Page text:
The whole world is waiting with baited breath to see if and when bitcoin surpasses its next milestone: $10,000—it was trading $9,950 as of Tuesday. It almost seems inevitable at this point, after the digital currency smashed through a stream of other milestones this year, each one falling faster than the last. [Update: Another one bites the dust: Bitcoin was trading as high as $11,500 as of Wednesday morning.]
Only a week ago, bitcoin crossed $8,000 for the first time; a month ago, it crossed $6,000 for the first time; a little over three months ago, it crossed $4,000 for the first time; and six months ago, it crossed $2,000 for the first time.
Now with a market cap of $163 billion, bitcoin has risen tenfold so far this year, and perhaps more impressively, has introduced itself to tens of millions of people across the world, many of who never knew such a thing existed until recently.
People from all backgrounds are scrambling to get a piece of the action. The digital assets broker Coinbase now has an estimated 13.3 million accounts, up 300,000 in just a week, and more than 11.7 million active accounts on traditional brokerage Charles Schwab, according to CNBC.
Bubble, Or The Real Deal?
The dizzying speed with which bitcoin has ascended has many throwing around the "b" word―bubble. A columnist at BloombergGadfly commented that the bitcoin bubble "makes dot-com look rational." Bitcoin is now four times as expensive as dot-com stocks were at their height, Stephen Gandel wrote.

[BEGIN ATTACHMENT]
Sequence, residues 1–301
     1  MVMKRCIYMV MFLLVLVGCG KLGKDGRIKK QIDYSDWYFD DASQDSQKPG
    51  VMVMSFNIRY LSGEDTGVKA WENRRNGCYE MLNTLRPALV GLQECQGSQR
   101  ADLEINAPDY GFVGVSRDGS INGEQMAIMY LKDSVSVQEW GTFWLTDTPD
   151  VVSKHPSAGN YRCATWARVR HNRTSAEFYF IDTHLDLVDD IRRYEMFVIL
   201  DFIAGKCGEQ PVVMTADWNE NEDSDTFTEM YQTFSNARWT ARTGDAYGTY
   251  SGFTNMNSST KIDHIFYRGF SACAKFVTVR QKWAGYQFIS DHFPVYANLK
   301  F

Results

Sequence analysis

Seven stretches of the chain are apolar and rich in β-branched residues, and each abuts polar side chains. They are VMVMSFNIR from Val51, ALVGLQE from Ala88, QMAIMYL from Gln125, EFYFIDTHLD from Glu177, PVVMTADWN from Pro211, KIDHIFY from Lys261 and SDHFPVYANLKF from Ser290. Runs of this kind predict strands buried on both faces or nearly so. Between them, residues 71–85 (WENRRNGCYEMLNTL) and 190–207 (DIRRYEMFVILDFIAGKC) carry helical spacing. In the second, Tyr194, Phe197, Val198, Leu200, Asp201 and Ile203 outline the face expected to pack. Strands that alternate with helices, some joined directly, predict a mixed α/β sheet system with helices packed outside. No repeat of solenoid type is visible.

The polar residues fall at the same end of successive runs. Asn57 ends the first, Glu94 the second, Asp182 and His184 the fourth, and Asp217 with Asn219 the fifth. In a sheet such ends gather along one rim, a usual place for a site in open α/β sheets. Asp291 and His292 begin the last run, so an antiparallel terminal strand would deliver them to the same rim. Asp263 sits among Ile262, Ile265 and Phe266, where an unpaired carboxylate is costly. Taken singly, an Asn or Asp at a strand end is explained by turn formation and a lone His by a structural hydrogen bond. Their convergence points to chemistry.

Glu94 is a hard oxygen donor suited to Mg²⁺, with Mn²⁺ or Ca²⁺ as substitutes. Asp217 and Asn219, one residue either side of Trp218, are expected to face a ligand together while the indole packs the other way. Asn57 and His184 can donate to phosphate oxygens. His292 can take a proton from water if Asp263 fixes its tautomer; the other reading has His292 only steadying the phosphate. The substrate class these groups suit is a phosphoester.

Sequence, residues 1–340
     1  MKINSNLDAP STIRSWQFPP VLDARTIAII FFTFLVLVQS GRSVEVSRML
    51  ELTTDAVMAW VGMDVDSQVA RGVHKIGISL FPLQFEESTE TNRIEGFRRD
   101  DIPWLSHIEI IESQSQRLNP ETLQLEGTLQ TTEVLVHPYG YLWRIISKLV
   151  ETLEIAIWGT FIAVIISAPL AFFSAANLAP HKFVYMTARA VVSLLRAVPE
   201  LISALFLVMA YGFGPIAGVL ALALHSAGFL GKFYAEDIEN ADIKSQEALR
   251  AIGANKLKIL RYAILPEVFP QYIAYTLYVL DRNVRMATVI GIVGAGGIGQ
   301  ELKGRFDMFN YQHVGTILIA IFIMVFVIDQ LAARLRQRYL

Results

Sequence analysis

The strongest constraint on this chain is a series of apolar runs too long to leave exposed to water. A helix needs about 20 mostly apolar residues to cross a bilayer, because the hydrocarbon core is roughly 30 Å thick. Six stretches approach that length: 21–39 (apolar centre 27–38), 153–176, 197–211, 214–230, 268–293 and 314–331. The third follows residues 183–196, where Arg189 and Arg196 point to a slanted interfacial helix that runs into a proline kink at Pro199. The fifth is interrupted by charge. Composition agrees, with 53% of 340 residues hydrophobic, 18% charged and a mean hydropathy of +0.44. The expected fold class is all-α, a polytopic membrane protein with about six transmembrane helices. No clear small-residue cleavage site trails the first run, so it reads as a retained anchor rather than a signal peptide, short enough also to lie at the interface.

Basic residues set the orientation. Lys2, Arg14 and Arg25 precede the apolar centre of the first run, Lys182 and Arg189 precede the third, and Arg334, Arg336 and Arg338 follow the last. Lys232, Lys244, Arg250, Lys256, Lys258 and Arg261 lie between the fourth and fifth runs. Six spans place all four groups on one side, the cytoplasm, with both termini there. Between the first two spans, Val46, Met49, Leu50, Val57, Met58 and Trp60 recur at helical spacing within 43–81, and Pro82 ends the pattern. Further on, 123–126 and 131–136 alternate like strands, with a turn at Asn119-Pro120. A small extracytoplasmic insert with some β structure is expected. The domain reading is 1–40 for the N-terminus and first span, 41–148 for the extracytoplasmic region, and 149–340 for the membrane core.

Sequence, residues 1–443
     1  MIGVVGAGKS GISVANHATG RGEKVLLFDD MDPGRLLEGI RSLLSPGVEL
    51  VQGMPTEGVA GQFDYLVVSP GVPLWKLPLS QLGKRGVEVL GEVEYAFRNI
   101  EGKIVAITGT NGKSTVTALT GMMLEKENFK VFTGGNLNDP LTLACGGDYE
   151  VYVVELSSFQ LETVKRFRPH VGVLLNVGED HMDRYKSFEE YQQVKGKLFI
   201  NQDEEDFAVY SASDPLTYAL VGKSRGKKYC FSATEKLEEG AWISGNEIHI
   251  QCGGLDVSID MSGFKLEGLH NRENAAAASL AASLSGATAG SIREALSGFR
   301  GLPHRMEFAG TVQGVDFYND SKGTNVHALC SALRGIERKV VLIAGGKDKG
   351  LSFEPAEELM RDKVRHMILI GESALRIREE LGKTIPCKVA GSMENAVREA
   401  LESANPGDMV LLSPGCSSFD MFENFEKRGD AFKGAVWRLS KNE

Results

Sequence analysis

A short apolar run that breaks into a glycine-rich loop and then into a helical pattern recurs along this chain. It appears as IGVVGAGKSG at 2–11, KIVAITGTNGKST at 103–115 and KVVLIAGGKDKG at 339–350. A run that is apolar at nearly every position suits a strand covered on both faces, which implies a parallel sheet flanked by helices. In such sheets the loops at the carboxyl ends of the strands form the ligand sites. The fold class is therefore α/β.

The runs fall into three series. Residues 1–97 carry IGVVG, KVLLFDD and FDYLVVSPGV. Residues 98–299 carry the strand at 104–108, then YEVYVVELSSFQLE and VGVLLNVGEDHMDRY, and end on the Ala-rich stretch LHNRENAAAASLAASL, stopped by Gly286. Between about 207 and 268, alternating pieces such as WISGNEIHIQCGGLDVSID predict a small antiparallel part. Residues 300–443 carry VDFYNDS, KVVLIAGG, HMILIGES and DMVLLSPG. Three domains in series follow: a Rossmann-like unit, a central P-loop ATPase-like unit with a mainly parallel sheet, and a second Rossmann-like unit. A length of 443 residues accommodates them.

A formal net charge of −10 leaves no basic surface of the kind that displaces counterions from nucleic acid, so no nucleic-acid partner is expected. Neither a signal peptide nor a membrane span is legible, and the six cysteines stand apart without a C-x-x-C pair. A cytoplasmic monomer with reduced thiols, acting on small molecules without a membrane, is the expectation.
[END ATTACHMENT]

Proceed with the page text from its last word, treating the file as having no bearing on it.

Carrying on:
Hedge fund manager Ken Griffin of Citadel shares that view. He said earlier this week that bitcoin "has many of the elements of the tulip bulb mania we saw hundreds of years ago in Holland."
Yet at the same time that some call bitcoin a bubble, other investors and analysts are saying it's the real deal. Fundstrat's Tom Lee likens the cryptocurrency to gold, and forecasts that prices could hit $25,000 in the next five years.
Spencer Bogart, head of research at Blockchain Capital, says the bitcoin run is still in "the first inning," and that it will go much higher.
"Things like Square Cash adding bitcoin support are big. The biggest barrier to bitcoin adoption is that most people don’t want to go through the process of setting up an account on Coinbase. If people have the ability to purchase bitcoin from platforms they’re already on, it’s massively bullish for bitcoin," he said.
"I think we’ll see more mainstream financial services companies and fintech companies add bitcoin support over the next six months. Doing so can meaningfully contribute to top and bottom line," Bogart added.